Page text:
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Sweetie Belle time! The least-written about of the CMC gets her moment in the spotlight with uSea's Singing to the Moon. Also Luna, in case the picture and title didn't make that clear enough already. Not the most intuitive pairing of ponies (no, not that kind of pairing!); will the story, as Tim Gunn would say, "Make it work?" Find out after the break.
Impressions before reading: In the previous review, I briefly discussed the concept of Sad Luna. The description on EqD promises that this story will be Happy Luna. Despite the connotation of the word "happy," Happy Luna is frequently used by this fandom to describe any Luna story that isn't Sad Luna. So really, that doesn't give us a lot to go on, but at least we know what this story isn't!
Zero-ish spoiler summary: When Sweetie Belle sings a song to the moon one cold, bright night, she finds her music attracts an unexpected visitor.
Thoughts after reading: In general, I'm not a big fan of adding music links to stories. The problem is that different people have different musical tastes, and I've encountered several fanfics where, at the moment of greatest drama, I was instructed to open a youtube video which turned out to be some rock/metal band performing, as Hoity-Toity would say, "A piled-on mish-mash of everything but the kitchen sink." Needless to say, I find this to be a singularly effective way for the author to break the mood they've been working so hard to establish.
This story uses the songs it links to not for ambiance, but as part of the story itself. It gives you a youtube video to watch, because that is literally the song that Sweetie's singing. This is at once less mood-breaking and more confusing than the above-cited example of how not to use music links. The fact that the singers in the videos linked to are male makes listening to the video while trying to imagine Sweetie singing jarring, and unintentionally funny (I cannot for the life of me stop picturing Sweetie talking in Bing Crosby's voice). I suppose the purpose might have been to make sure that readers were familiar with the tunes, but the songs used are famous enough to render that unnecessary anyway. I mean, EVERYONE has heard "Fly Me to the Moon" at some point in their lives. I would have much rather seen the lyrics presented without any musical links or (if the author is really concerned about people failing to recognize the songs), with links to instrumental versions of the melodies. That way, at least there's no imposition on the reader's ability to imagine Sweetie's singing voice. Or even just keep the links at the end of the story, but leave them out of the text. That way, readers can go back and see what was being referenced retroactively, without interrupting their reading experience.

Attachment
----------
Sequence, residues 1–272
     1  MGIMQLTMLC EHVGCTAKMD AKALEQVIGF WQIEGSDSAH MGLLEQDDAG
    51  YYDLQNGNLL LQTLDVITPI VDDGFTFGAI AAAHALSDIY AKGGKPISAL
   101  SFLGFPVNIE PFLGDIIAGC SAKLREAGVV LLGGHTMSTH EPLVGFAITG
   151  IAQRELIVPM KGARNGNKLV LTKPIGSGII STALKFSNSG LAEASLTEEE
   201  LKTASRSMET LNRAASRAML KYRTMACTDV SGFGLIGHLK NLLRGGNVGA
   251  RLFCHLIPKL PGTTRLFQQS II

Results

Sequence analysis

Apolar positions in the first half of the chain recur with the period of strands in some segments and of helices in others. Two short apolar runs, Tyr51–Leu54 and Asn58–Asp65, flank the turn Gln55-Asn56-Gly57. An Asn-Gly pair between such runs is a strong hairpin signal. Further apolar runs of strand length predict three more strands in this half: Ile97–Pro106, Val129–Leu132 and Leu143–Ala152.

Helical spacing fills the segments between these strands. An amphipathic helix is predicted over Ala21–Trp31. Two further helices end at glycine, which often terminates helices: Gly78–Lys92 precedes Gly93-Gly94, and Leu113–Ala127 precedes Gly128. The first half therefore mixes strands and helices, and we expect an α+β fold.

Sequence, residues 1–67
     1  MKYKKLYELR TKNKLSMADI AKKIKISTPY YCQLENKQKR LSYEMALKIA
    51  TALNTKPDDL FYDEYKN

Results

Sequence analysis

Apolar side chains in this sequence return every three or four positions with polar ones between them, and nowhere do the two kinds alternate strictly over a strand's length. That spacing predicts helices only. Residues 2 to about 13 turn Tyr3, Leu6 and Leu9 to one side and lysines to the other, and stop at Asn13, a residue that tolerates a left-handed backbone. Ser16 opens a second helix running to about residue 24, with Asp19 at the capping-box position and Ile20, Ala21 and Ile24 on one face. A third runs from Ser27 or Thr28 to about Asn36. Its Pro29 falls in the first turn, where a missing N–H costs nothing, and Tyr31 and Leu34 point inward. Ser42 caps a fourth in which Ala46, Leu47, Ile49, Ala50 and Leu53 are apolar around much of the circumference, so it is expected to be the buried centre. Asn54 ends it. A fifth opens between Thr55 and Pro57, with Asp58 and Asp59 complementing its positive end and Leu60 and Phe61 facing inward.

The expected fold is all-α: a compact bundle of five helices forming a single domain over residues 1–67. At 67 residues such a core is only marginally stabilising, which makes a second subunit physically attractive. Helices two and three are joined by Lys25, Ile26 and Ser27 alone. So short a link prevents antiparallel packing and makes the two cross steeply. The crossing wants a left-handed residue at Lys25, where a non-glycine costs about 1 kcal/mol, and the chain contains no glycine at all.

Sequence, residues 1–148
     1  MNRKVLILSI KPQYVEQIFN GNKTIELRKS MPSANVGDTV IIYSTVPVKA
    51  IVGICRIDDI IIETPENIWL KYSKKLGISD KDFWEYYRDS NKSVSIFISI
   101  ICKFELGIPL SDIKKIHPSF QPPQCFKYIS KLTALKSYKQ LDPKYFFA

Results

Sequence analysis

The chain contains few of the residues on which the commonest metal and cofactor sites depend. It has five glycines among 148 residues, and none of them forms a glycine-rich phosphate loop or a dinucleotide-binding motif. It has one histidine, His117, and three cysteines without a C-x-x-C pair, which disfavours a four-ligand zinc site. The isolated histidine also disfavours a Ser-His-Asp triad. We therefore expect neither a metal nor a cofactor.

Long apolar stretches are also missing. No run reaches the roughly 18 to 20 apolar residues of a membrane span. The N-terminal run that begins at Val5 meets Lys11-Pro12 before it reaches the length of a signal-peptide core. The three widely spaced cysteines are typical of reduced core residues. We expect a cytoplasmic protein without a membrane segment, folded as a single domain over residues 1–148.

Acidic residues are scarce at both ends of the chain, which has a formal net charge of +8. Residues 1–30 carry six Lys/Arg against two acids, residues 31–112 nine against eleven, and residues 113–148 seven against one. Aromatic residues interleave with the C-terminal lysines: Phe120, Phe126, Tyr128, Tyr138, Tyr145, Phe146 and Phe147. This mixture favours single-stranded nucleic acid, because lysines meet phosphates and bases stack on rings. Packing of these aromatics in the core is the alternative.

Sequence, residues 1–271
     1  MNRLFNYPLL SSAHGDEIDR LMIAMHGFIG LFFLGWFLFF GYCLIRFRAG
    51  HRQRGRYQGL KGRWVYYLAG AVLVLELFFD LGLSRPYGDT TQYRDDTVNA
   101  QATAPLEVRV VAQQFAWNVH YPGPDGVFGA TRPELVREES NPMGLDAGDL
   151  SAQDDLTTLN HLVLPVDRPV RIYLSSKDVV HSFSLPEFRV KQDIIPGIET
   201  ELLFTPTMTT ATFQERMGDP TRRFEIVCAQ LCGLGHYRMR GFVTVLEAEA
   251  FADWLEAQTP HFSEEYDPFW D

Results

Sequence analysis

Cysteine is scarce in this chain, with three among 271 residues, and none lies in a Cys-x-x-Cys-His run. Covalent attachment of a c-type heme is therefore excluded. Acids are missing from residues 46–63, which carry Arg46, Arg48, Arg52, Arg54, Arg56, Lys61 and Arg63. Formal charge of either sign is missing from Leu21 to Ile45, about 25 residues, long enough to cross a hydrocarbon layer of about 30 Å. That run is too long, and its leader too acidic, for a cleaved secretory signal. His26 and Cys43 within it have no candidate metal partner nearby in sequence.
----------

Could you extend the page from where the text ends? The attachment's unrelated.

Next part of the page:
Music notwithstanding, this was a simply wonderful story. Those ponies with canon personalities are perfectly in-character, and Luna (this was long before Luna Eclipsed, remember) is depicted in a manner both believable and relatable. Sweetie in particular presented a very realistic depiction of youth, with the way she flitted effortlessly from subject to subject and mood to mood. And the descriptions of sibling relations, I can say from experience, are altogether accurate.
The dialogue is well-written. The narration is vivid but not overwrought. The characters play off each other in ways that are in turns funny and touching...there really isn't anything negative to say about any of this. The ending doesn't beat us over the head with a moral, a la Twilight's letters to Celestia, but there's a definite message to this story.
Since I usually say something about the grammar, I should mention that this piece is flawless in that regard. The reading level (for those of you who aren't familiar with the term, reading levels are used by most US primary and secondary schools to rank books by difficulty, and are calculated based on the obscurity of words used in the story, coupled with complexity of sentence and paragraph structure) is probably late middle school at the highest, but nothing about this story feels childish or oversimplified.
Star rating: ★★★★☆ (what does this mean?)
This story may be short, but it hits all the right notes for me. Somehow, it works humor, warmth, and some thoughtful reflections of siblinghood into a mere nine pages, without ever feeling rushed. The way the songs were handled is really the only thing I would have changed.
Recommendation: I would suggest this story to anyone. My only advice would be not to click the links embedded in the text as you're reading, but that's up to you. I'm aware that some folks love it when an author includes music in their story--if that's you, knock yourself out. This is a brief but wonderful read.
Next time: Memories of Those Friends Who've Gone Before Us, by WTFHIW